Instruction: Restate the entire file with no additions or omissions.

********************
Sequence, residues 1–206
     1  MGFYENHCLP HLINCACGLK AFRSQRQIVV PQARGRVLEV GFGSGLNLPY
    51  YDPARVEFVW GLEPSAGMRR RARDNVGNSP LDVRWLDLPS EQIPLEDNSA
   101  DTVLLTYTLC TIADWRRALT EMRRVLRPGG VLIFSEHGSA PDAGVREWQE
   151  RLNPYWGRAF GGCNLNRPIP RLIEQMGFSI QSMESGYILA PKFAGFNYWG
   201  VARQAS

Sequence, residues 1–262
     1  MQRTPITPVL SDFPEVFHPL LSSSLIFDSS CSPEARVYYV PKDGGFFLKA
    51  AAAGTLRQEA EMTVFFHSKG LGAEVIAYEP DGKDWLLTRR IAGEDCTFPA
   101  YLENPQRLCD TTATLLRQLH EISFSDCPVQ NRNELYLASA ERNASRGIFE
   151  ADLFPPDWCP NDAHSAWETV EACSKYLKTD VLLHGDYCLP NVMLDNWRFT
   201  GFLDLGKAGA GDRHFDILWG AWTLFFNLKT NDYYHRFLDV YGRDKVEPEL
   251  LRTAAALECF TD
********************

Sequence, residues 1–206
     1  MGFYENHCLP HLINCACGLK AFRSQRQIVV PQARGRVLEV GFGSGLNLPY
    51  YDPARVEFVW GLEPSAGMRR RARDNVGNSP LDVRWLDLPS EQIPLEDNSA
   101  DTVLLTYTLC TIADWRRALT EMRRVLRPGG VLIFSEHGSA PDAGVREWQE
   151  RLNPYWGRAF GGCNLNRPIP RLIEQMGFSI QSMESGYILA PKFAGFNYWG
   201  VARQAS

Sequence, residues 1–262
     1  MQRTPITPVL SDFPEVFHPL LSSSLIFDSS CSPEARVYYV PKDGGFFLKA
    51  AAAGTLRQEA EMTVFFHSKG LGAEVIAYEP DGKDWLLTRR IAGEDCTFPA
   101  YLENPQRLCD TTATLLRQLH EISFSDCPVQ NRNELYLASA ERNASRGIFE
   151  ADLFPPDWCP NDAHSAWETV EACSKYLKTD VLLHGDYCLP NVMLDNWRFT
   201  GFLDLGKAGA GDRHFDILWG AWTLFFNLKT NDYYHRFLDV YGRDKVEPEL
   251  LRTAAALECF TD